On that same day, two disciples were traveling to a village called Emmaus, about seven miles from Jerusalem. They were talking to each other about everything that had happened. While they were discussing these things, Jesus himself arrived and joined them on their journey.
They were prevented from recognizing him. – Luke 24:13-16 (CEB)
In Abiding, I wrote about the worship Youngest and I shared last week. After our discussion of the Emmaus story, we walked the labyrinth. Youngest said he didn’t completely understand what you were supposed to do in the labyrinth. We talked about how some people pray or maybe reflect on a word or phrase. He said he knew what he wanted to have in mind.
I waited for him to make his way before I started. One of the thoughts that captured me in this story was how Jesus hid himself from these two disciples. The events of the past days had left them downcast and confused. I’ve always felt like they were giving up on the whole Jesus-thing as they left Jerusalem.
What hope could there be?
Maybe Jesus wanted to test them, to see what they really believed. But was this really the right time for a test? Why wouldn’t Jesus just comfort them? What was the purpose of that long walk to Emmaus?
As I walked into the labyrinth, I reflected on why and when Jesus keeps me from recognizing him sometimes. Like these disciples, I already know Jesus. I haven’t ever wanted to just give up on Jesus, but there have been times when I have wondered what hope could there be. There are times when a path I have travelled many times before suddenly becomes uncertain.
These are not the times I wanted to be tested (or feel abandoned) by Jesus.
But sometimes it is only in these times that I can find the hope. In a way, I need to be willing to look for it and recognize how God is working in the world when it seems as though there is very little good to be seen. It is in these times, when Jesus seems to remain hidden, that I go to the Scriptures and my heart finds its fire again. Sometimes Jesus keeps me from recognizing him so that I will push myself to look harder.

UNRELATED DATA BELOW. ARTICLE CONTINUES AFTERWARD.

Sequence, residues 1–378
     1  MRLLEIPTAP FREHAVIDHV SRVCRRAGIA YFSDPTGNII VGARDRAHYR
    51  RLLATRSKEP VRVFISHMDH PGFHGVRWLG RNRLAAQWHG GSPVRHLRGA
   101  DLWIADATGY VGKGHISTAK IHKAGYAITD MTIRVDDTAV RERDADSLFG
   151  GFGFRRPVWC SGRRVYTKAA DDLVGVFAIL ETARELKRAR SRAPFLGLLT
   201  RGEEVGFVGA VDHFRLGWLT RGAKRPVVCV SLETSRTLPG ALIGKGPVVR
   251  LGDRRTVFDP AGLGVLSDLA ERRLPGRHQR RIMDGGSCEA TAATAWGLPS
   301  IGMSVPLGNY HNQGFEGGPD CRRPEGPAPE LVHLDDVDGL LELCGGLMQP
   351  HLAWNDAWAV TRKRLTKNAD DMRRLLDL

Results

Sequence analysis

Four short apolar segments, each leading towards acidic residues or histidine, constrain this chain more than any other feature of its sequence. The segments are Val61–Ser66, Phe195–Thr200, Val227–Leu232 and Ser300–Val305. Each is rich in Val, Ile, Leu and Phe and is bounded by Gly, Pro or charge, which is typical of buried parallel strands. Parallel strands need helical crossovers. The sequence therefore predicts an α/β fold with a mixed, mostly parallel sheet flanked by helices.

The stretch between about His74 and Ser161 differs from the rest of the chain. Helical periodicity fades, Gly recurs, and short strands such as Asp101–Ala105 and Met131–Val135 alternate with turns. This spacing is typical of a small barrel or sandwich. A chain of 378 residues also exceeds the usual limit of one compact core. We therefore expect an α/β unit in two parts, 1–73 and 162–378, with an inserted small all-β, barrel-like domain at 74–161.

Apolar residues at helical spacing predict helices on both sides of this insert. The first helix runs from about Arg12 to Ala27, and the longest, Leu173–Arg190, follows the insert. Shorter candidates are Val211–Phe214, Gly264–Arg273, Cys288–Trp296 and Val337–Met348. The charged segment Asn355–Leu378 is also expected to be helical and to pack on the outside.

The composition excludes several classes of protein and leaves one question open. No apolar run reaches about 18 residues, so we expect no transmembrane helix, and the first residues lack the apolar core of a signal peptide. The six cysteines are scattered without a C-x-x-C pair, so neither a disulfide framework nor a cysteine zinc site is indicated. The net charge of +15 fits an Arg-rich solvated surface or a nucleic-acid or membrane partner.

When they came to Emmaus, Jesus acted as if he was going on ahead. But they urged him, saying, “Stay with us. It’s nearly evening, and the day is almost over.” So he went in to stay with them. After he took his seat at the table with them, he took the bread, blessed and broke it, and gave it to them.
Their eyes were opened and they recognized him, but he disappeared from their sight. – Luke 24:28-31 (CEB)
On the way out of the labyrinth, I reflected on how Jesus makes himself known to me. Would it be possible to really see Jesus if he is never hidden (our spiritual fathers and mothers called this the dark night of the soul)? There are times that I wasn’t expecting Jesus but find him all the same. There are things I only see with my worldly, physical eyes – but in a moment of abiding in Jesus, begin to see clearly, with spiritual eyes. Like these Emmaus disciples, I find myself saying, “The Lord really has risen!” Sometimes we have to blind in order to see.
Jesus, I don’t really understand why you sometimes seem to have hidden yourself from me. But you are sovereign and your ways are not my ways. Please lavish your faithfulness on me when I wonder, “What hope could there be?” Thank you that even when I don’t see you, you provide people to walk with me on that road to Emmaus. Forgive me when I allow my sin and stubbornness to blind me to you. Encourage me when blindness is for my own good – until I am ready to see you. Keep my heart seeking you; speak to me in your Word. Although sometimes you may not allow my eyes to see, I will give you thanks for your ultimate promise to abide with you and in you. Amen.